Practical Readings 1
Anthony Bruton & Angeles Broca (2002)
Tokyo and San Francisco: ABAX Ltd.
Practical Readings 1, an English reading textbook for beginners in both ESL and EFL settings aims to develop students' top-down and bottom-up reading skills using a wide variety of prose and non-prose texts.
Practical Readings 1 consists of 18 units, each of which includes the following: glossaries, maps, advertisements, descriptions, questionnaires, news articles, and tour itineraries. Each unit contains various topics as well. These topics can be grouped into three: language-related topics (e.g. US and UK English, Origin of English); daily issues (e.g. House Hold Tips and Advice, Flat Hunting, On Tour); and readings on general information (e.g. Prehistoric Animals, Facts and Numbers, Grids and Maps). The length and structure of reading material are various. Some of them consist of three to six paragraphs, which contain two to five sentences each. Other units are lists of words (e.g. Unit 2. Flat Hunting, Unit 15. Clothes and Footwear) or charts (e.g. Unit 3. How Practical Are You?, Unit 8. Household Tips and Advice).
Each unit consists of seven sections: Warmer; Reading One; Words; Reading Two; Beyond the Word; Reading Three; Beyond the Text. The general structure of each unit follows a pre- reading, during-reading, and post-reading format.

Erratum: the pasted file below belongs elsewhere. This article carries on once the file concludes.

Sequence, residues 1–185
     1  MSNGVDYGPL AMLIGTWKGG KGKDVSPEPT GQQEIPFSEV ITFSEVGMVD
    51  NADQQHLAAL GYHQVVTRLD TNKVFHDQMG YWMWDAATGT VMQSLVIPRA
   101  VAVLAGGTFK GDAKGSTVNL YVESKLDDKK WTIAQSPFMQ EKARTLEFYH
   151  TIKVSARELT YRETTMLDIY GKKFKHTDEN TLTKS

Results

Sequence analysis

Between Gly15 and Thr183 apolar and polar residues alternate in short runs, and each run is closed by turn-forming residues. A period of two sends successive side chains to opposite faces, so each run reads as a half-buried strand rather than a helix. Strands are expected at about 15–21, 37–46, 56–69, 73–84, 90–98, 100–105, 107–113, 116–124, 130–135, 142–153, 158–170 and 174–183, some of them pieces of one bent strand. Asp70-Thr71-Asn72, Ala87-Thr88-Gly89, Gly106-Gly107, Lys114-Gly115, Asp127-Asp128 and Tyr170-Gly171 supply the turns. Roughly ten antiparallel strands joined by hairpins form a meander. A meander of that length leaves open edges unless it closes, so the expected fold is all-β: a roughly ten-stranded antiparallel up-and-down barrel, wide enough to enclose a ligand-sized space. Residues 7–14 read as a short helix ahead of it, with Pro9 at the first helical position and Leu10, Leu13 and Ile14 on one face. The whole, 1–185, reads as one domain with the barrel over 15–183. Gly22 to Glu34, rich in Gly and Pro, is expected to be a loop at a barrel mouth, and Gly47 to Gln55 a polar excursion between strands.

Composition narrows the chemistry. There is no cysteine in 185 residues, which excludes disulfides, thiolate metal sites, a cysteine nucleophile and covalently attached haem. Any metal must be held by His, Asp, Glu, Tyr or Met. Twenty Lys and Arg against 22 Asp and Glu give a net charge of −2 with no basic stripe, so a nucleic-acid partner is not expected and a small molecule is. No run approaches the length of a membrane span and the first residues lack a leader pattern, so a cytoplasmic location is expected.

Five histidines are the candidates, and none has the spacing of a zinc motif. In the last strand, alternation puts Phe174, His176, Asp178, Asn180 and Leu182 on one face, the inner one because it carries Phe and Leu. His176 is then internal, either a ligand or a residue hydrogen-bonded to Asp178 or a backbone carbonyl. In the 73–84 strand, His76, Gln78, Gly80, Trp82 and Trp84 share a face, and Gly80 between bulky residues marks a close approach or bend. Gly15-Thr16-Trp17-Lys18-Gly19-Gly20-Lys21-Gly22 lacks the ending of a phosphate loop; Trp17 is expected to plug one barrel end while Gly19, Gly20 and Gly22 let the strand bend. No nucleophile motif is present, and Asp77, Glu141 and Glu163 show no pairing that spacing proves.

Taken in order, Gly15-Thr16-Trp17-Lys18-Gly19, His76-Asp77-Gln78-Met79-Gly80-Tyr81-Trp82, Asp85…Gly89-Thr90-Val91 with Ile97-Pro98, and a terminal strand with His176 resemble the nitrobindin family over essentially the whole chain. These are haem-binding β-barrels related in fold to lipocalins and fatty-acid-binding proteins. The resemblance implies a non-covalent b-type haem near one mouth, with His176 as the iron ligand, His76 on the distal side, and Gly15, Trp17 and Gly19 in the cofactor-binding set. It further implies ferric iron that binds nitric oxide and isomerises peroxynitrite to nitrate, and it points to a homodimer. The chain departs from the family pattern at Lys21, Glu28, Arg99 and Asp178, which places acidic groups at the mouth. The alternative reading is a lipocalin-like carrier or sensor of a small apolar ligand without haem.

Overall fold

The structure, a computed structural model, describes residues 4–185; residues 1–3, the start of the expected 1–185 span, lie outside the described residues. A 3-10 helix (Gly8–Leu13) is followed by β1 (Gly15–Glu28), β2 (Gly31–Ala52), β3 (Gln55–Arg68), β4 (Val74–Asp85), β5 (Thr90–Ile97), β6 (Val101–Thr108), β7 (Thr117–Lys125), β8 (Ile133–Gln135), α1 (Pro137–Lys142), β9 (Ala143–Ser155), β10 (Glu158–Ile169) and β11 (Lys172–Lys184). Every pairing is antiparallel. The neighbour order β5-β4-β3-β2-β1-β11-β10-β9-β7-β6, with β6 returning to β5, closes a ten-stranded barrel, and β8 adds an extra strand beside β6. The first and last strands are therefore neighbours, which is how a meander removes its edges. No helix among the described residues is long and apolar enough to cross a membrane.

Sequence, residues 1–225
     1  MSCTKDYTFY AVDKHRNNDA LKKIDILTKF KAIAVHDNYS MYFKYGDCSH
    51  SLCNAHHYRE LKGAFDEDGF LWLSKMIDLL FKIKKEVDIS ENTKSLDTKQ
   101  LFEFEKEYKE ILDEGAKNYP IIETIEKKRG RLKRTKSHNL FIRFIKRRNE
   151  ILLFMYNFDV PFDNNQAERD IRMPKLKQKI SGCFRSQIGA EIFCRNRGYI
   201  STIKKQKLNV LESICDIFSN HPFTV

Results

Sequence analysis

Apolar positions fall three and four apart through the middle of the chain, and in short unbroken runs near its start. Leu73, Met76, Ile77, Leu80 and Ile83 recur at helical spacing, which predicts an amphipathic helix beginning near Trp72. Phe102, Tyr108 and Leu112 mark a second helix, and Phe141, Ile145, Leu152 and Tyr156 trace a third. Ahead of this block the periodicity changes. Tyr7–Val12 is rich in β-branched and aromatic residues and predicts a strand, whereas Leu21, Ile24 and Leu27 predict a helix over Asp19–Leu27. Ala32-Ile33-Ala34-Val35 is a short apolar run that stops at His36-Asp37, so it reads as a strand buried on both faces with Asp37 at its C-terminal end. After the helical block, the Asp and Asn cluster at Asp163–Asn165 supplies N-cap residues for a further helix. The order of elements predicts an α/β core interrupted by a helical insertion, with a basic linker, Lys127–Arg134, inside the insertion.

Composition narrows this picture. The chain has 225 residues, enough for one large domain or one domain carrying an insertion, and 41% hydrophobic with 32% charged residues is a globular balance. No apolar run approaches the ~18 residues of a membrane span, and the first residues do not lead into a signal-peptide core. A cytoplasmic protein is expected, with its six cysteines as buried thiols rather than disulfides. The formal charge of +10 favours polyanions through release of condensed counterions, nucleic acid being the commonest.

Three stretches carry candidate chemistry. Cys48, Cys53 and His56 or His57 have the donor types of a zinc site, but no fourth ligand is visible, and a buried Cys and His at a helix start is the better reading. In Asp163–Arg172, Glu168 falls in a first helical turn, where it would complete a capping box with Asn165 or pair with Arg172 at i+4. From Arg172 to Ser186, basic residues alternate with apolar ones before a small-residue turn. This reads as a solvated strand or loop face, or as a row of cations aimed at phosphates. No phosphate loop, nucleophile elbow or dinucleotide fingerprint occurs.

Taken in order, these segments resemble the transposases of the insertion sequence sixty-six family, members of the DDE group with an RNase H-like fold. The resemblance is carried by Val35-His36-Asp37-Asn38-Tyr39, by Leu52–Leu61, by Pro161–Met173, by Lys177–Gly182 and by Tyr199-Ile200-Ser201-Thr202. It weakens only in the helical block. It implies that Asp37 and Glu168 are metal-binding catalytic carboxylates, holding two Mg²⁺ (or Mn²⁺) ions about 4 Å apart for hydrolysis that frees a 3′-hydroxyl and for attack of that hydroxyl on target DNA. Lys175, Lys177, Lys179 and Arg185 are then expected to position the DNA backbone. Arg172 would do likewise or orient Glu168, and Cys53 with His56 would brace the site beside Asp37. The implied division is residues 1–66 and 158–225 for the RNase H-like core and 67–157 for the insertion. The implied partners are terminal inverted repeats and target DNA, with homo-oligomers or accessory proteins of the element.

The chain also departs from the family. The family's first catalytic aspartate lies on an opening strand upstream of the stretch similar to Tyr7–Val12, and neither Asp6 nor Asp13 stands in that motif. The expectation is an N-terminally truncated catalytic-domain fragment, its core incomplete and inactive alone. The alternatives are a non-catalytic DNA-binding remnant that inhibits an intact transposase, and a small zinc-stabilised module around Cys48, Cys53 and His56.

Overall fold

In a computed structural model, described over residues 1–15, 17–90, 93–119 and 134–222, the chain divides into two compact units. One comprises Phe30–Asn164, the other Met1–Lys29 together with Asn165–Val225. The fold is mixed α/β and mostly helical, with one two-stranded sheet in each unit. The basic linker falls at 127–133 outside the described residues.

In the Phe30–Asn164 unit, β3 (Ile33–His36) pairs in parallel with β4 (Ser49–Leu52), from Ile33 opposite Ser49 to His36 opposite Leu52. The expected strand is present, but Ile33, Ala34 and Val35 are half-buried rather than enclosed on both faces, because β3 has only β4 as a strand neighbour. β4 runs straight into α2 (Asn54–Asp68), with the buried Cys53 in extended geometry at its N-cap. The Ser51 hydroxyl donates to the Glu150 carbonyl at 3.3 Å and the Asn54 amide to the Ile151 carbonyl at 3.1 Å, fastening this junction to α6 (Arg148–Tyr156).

First, Warmer is a pre-reading activity with a schema-building effect. In this section, students are asked to work in pairs or group to discuss the topic. This part includes activities like filling in charts, true or false questions, making judgments, ranking, guessing the story, and so forth. For example, in unit 9, US and UK English, students are asked to rank, on a scale from one to five, the difference between British English and American English under the following six categories: grammar, spelling, vocabulary, speed of talking, slang, pronunciation.
In Reading One, students are asked to grasp the gist of the text using their pre-built content or formal schema. For example, after reading the text, students match a title/picture with a story or fill in the charts or maps. For example, in unit 11, Eavesdropping, students are asked to circle a corresponding picture after reading a summary of eavesdropping.